In some cases, mathematics professionals need to earn a specific credential in order to get a job. Other times, certifications are earned voluntarily as a way to facilitate career advancement. The following are examples of both mandatory and voluntary credentials that are earned in these occupations.

  • In order to get full professional status, actuaries must complete a graduated certification process: First they earn an associate certification and then they move on to the fellowship credential. Professionals who work in the property and casualty field are certified by the Casualty Actuarial Society (CAS), while insurance professionals get credentials through the Society of Actuaries (SOA).
  • Financial analysts are licensed through the Financial Industry Regulatory Authority (FINRA). In order to receive a license, the applicant must have employer sponsorship.
  • Financial analysts can also receive the voluntary Chartered Financial Analyst (CFA) certification that is offered from the CFA Institute.
  • The American Board for Certification of Teacher Excellence offers a mathematics certification for teachers who want to demonstrate their knowledge and skills.

Mathematics Career Job Growth, Prospects, and Outlook

The outlook for mathematical careers depends on where people are hunting for jobs. The following information, compiled by the U.S. Bureau of Labor Statistics, shows the growth of several careers in math:

  • Mathematicians

    Mathematicians will be needed to analyze the increasing amounts of digital data that companies generate online and on mobile devices.

    growth between 2012 and 2022: 23%
  • Actuaries

    These professionals will see growth as insurance companies evaluate the effects of new health care legislation that has resulted in more customers and changes in coverage. Also, companies in other sectors will hire more actuaries to manage and avoid risk.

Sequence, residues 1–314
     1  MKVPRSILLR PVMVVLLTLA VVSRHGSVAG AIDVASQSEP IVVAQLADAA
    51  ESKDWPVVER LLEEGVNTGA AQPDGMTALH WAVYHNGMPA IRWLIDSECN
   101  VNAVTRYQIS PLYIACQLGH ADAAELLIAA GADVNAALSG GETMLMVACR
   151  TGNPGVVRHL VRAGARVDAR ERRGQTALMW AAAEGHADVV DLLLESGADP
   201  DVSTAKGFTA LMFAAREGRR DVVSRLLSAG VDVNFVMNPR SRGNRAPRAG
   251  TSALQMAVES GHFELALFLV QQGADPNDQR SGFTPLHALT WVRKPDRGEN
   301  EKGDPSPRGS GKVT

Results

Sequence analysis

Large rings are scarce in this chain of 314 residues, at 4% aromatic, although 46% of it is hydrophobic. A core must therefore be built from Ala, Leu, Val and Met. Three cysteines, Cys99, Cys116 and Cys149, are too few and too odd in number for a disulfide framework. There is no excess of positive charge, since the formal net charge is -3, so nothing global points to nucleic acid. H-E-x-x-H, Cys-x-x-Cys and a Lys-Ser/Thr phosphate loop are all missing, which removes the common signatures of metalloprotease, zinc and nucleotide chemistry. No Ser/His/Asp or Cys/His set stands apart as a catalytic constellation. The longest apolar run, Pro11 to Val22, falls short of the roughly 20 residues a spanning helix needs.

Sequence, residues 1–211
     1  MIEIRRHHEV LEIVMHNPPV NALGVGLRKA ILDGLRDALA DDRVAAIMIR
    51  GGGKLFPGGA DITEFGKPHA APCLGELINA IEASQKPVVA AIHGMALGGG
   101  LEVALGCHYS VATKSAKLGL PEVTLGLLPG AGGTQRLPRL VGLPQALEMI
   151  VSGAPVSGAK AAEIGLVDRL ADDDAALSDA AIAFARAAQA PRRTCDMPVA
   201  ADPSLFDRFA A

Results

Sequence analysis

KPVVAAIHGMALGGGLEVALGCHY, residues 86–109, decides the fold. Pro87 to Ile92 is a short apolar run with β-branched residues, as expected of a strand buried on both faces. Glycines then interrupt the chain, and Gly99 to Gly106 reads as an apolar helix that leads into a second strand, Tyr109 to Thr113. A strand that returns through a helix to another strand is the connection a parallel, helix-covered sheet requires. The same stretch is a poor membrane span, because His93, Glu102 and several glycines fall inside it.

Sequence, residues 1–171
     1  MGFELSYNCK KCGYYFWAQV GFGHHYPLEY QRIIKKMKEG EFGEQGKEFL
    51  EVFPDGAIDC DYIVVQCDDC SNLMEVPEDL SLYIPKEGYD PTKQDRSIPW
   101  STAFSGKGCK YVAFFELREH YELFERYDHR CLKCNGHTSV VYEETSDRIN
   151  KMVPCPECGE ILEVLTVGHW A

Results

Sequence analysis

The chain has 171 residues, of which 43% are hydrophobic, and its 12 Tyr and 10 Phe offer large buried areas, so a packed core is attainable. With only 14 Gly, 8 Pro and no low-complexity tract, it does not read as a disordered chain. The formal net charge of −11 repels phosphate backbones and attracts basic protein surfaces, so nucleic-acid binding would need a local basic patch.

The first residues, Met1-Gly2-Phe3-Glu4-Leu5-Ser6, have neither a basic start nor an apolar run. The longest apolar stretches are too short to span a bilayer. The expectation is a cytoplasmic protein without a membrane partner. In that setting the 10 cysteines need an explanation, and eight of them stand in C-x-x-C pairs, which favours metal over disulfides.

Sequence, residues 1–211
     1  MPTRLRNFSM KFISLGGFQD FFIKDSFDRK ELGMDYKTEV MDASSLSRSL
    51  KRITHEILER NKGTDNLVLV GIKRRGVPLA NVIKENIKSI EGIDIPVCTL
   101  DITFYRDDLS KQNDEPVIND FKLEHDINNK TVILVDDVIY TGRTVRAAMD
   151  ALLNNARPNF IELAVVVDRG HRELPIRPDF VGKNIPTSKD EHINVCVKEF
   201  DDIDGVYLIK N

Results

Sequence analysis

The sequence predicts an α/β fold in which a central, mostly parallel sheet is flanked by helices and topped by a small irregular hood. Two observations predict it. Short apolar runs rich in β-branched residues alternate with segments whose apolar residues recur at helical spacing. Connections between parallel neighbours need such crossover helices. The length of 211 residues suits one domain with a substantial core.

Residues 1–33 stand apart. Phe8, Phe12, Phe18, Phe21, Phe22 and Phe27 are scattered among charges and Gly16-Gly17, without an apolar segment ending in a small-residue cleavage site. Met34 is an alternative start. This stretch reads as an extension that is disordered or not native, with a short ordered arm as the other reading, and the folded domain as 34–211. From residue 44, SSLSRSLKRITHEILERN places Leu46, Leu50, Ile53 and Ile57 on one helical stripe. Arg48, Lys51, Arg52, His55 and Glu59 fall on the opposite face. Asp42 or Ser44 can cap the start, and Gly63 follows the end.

growth between 2012 and 2022: 26%
  • Operations Research Analysts

    Technological advances are driving the increase of this profession.

    growth between 2012 and 2022: 27%
  • Statisticians

    Growth in this industry is tied to the increased use of statistical analyses to make business, policy, and health care decisions.

    growth between 2012 and 2022: 27%
  • Postsecondary Teachers

    Growth is tied to increased college enrollments.

    growth between 2012 and 2022: 19%
  • Financial Analysts

    Growing investment opportunities coupled with increased complexity of investment portfolios will create a demand for financial analysts.

    growth between 2012 and 2022: 16%
  • Computer and Information Research Scientists

    As businesses amass larger amounts of data, this profession will expand. With increased data mining, workers will be needed to manage this information.

    growth between 2012 and 2022: 15%
  • Economists

    Competition in the global economy and complex laws will result in a demand in this career.

    growth between 2012 and 2022: 14%
  • What Do Related Occupations Make?

    Occupations that are related to mathematics are also commanding healthy salaries. The following list gives examples of these careers and the range of earnings workers make.

    Related Occupations: What You Need to Know

    The potential career options for those who study mathematics are as vast as the discipline itself. The table below illustrates some related occupations, the education and training needed to land them, and their growth and salary potential.

    Computer Systems Analysts


    Projected Growth


    Education and Training:

    Bachelor's degree

    Market Research Analysts


    Projected Growth


    Education and Training:

    Bachelor's degree and internship

    Nuclear Engineers


    Projected Growth


    Education and Training:

    Bachelor's degree and hands-on experience



    Projected Growth


    Education and Training:


    Survey Researchers


    Projected Growth


    Education and Training:

    Bachelor's degree and research experience

    Budget Analysts


    Projected Growth


    Education and Training:

    Bachelor's degree and hands-on experience

    Personal Financial Advisors


    Projected Growth


    Education and Training:

    Bachelor's degree



    Projected Growth


    Education and Training:

    Associate's degree and work experience

    Management Analysts


    Projected Growth


    Education and Training:

    Bachelor's degree

    Computer and Information Systems Managers


    Projected Growth


    Education and Training:

    Bachelor's degree and work experience

    More Resources and Related Careers